• 12 oz (2 1/2 cup) sprouted spelt flour (or whole wheat pastry flour)
  • 2 1/2 tsp baking powder
  • 1 tsp salt
  • 4 oz unsalted butter, cold, cut into pieces
  • 6 oz (3/4 cup) yogurt*****
  • 2 oz (1/4 cup) milk*****
  • 1 T butter, melted
  • coarse sea salt or fleur de sel

Preheat oven to 375º. Whisk together the flour, baking powder, and salt. Cut in the butter, using your hands, a pastry cutter, or a food processor, until it is in pea-sized pieces or smaller. Add the yogurt and milk and stir using a spatula, folding the mixture against the sides of the bowl, just until it comes together in a ragged dough. (If it refuses to come together, add a smidge more milk.) Scrape onto a counter or other good rolling surface and fold and press, repeatedly, until you have a cohesive square. Roll to about 3/4 inch thick. Cut into rectangles with a bench scraper (or use a biscuit cutter to cut rounds if you prefer). If you have time, let the biscuits rest in the refrigerator for a bit (15 minutes up to a day). Brush tops with melted butter and sprinkle with coarse salt. Bake ~20 minutes, until beginning to brown. Eat with soup (or honey or apple butter or …).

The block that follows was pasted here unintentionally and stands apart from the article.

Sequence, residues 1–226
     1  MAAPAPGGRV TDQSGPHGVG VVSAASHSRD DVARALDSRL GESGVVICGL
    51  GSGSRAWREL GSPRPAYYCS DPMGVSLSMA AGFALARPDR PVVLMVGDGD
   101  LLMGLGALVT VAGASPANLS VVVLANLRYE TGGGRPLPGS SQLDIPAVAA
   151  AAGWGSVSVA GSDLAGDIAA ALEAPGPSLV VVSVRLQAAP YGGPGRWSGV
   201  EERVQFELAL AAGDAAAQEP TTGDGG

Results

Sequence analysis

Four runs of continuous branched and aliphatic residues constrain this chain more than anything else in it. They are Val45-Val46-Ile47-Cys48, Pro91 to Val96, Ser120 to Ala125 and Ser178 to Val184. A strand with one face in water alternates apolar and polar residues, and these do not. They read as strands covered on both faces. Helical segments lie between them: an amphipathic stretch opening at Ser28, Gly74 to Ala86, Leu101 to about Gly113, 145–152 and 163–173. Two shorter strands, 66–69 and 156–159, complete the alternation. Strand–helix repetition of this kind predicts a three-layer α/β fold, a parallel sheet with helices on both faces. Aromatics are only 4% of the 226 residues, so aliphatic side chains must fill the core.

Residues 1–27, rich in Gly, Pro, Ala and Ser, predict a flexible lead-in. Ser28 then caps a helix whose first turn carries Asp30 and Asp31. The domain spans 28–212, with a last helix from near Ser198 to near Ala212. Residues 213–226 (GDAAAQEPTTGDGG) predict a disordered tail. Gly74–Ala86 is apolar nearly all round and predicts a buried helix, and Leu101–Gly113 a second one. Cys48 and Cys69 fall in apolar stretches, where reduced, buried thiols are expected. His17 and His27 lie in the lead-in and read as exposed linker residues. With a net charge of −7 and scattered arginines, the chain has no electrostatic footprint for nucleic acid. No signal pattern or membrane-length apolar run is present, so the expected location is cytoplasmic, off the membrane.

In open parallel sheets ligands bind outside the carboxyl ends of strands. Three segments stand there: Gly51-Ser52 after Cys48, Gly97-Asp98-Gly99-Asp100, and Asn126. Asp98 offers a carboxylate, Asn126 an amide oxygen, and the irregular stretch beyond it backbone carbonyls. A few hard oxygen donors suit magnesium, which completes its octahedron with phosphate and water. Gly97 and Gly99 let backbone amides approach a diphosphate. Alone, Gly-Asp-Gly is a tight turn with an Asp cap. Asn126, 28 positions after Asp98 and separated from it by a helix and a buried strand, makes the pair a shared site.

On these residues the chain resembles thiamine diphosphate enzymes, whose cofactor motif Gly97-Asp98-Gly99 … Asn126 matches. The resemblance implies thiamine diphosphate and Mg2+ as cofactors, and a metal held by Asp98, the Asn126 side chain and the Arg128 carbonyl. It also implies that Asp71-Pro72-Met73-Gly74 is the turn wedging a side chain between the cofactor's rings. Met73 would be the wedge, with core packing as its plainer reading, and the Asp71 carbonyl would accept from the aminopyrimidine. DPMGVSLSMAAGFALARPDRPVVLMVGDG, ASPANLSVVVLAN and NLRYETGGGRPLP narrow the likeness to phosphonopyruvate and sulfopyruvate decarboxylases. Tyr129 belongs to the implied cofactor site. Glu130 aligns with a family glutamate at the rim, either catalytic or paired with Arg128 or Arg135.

*Yep, pretty much any good fresh fruit.

**Of course, yesterday, when I made them (and typed most of this post), the youngest decided he didn’t want any, he wanted bread and butter instead. sigh.

***My sis just sent me a link to this post comparing self-rising flours, which got me thinking, but not testing yet.